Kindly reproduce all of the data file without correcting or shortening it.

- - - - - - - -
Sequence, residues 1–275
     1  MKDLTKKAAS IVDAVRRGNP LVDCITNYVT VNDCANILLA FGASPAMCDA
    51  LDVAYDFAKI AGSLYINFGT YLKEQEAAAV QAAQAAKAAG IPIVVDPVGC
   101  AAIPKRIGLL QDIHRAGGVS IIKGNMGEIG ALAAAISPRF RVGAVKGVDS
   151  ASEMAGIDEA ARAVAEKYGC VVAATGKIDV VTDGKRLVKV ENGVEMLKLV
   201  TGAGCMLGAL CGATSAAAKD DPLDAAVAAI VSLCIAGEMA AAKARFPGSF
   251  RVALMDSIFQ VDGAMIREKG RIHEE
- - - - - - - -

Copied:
Sequence, residues 1–275
     1  MKDLTKKAAS IVDAVRRGNP LVDCITNYVT VNDCANILLA FGASPAMCDA
    51  LDVAYDFAKI AGSLYINFGT YLKEQEAAAV QAAQAAKAAG IPIVVDPVGC
   101  AAIPKRIGLL QDIHRAGGVS IIKGNMGEIG ALAAAISPRF RVGAVKGVDS
   151  ASEMAGIDEA ARAVAEKYGC VVAATGKIDV VTDGKRLVKV ENGVEMLKLV
   201  TGAGCMLGAL CGATSAAAKD DPLDAAVAAI VSLCIAGEMA AAKARFPGSF
   251  RVALMDSIFQ VDGAMIREKG RIHEE